Bob Caldwell wrote in his log-book that the Catalina returned to the Coen (Pennefather) River accompanied by an American officer, collected more searchers from Weipa on the way and arrived at the river at 1430.

Having rowed the Weipa men ashore, the Catalina crew started an aerial search around the river system for the four Americans and Bob remembers that it was “quite a joy when the men were sighted very soon after the search began and on the Mapoon (north) side of the Coen river.

“This was not expected, but the four men were in a small lake and splashed water up to attract our attention”.

It was dark by the time the Americans and their rescuers had reached the Catalina so they were made comfortable for the night.

Next morning, the RAAF crew awoke to find their flying boat stranded on the mud by the long-departed tide.

By 1240 there was enough water to take off and so the weary crews returned to Cairns, while the Mapoon and Weipa men continued searching over a wide area for the missing American.

The sad sequel was relayed to church authorities by Frank Cane, when he wrote that the Captain of the J.G. Ward, [Nicholas Wymara] “returned here Monday with the news that four had been found and that one was still missing these men and boys remained on the job of searching for two weeks and it is now presumed that the other man is dead….”

Despite the best efforts of the Mapoon and Weipa men who had excellent knowledge of the country, Lieutenant Meenagh was never found.

One year after his disappearance, the United States War Department issued a “Finding of Death” which would have assisted with any legal process required for his estate, but would have brought awful sadness to his family in the realisation that despite surviving many dangerous missions against the Japanese, William would not be returning home.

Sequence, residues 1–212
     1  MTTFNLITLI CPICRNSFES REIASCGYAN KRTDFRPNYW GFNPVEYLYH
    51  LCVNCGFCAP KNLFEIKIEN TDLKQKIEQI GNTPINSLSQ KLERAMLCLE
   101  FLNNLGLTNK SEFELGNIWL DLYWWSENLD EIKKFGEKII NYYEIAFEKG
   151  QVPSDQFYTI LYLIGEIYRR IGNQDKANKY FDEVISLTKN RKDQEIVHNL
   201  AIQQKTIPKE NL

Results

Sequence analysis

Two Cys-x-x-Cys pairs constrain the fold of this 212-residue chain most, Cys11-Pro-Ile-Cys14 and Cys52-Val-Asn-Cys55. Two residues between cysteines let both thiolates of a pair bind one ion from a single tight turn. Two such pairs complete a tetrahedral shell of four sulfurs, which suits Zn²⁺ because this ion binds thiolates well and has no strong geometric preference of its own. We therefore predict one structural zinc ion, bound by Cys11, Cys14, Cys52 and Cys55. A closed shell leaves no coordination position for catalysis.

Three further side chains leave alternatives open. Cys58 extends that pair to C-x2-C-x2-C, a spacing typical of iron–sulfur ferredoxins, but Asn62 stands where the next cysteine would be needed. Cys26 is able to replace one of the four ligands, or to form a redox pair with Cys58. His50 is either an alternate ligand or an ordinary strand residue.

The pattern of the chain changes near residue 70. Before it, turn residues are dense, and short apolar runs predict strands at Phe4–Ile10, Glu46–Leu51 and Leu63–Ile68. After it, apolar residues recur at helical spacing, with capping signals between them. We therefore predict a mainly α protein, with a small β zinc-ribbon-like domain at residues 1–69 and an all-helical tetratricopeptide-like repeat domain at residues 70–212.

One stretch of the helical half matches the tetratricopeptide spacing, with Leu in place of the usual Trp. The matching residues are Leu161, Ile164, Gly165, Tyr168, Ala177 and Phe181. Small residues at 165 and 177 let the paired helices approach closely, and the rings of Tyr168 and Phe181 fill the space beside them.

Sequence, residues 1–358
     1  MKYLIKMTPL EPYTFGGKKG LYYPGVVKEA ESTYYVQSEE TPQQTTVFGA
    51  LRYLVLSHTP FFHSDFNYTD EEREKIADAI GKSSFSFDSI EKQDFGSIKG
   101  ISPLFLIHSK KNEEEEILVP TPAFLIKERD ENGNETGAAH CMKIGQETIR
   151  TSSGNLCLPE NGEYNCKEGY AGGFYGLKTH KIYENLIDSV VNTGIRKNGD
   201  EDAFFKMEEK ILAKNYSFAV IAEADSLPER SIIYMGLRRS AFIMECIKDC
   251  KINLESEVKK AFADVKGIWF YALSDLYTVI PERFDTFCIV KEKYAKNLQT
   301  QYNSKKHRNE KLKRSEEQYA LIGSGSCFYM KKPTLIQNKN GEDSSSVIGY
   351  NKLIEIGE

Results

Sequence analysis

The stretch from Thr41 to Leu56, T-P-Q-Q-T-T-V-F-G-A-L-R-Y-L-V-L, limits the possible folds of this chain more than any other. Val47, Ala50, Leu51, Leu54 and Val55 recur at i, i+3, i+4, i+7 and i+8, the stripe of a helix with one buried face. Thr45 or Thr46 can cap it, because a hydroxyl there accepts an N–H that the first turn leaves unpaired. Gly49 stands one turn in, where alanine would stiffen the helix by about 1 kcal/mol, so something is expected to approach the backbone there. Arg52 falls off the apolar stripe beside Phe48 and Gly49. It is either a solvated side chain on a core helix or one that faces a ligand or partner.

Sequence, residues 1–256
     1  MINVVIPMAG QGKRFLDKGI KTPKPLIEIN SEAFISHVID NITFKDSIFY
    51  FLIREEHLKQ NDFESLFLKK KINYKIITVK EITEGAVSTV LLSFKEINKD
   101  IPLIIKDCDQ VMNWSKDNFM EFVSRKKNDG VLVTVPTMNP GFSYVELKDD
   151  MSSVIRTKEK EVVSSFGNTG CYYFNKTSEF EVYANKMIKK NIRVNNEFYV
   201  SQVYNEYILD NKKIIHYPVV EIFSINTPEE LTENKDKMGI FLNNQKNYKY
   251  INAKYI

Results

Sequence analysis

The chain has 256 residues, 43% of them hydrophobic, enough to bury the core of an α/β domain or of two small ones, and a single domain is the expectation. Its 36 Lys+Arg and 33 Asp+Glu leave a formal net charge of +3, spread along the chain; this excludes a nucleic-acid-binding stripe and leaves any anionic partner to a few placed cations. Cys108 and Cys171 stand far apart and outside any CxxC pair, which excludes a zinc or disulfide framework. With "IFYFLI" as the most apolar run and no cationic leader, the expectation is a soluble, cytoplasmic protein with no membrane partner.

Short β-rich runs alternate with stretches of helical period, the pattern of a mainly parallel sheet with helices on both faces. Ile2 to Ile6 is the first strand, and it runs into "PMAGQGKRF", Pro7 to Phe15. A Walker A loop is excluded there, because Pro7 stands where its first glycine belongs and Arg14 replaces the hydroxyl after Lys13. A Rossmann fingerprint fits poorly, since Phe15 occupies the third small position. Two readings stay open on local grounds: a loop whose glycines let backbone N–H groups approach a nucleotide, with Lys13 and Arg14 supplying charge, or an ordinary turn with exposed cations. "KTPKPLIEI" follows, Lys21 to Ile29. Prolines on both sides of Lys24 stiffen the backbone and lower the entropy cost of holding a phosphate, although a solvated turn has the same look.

Lieutenant Meenagh’s decorations included the Silver Star, the Distinguished Flying Cross, Air Medal with two oak leaf clusters and a Purple Heart.

Pilot Claude Naylor Burcky (1915-2007) had a long Air Force career and retired with the rank of Colonel in 1970.

The story of the Flying Fortress crew’s rescue is recorded at the war memorials at Mapoon and Napranum.

In 2012, author Michael Musumeci travelled to New York and presented a relic from the aircraft to the Meenagh family.

The American air crew, their brave rescuers from Weipa and Mapoon missions and the RAAF will never be forgotten.

Author Geoff Wharton thanks the family descendants of the rescuers from Napranum and Mapoon who kindly provided their memories, as well as the late Bob Caldwell DFM and Mrs Betty Caldwell, Jack Clarke, Don Egan, John Foss, Mick Isenbert, the late Margaret Little (née Winn), author Michael Musumeci, Chris and Kath Newman, the late Bob Piper (ex-RAAF Historical Section), Jack Riddell, the late Tim Savo, Ted Sturtevant and David Vincent.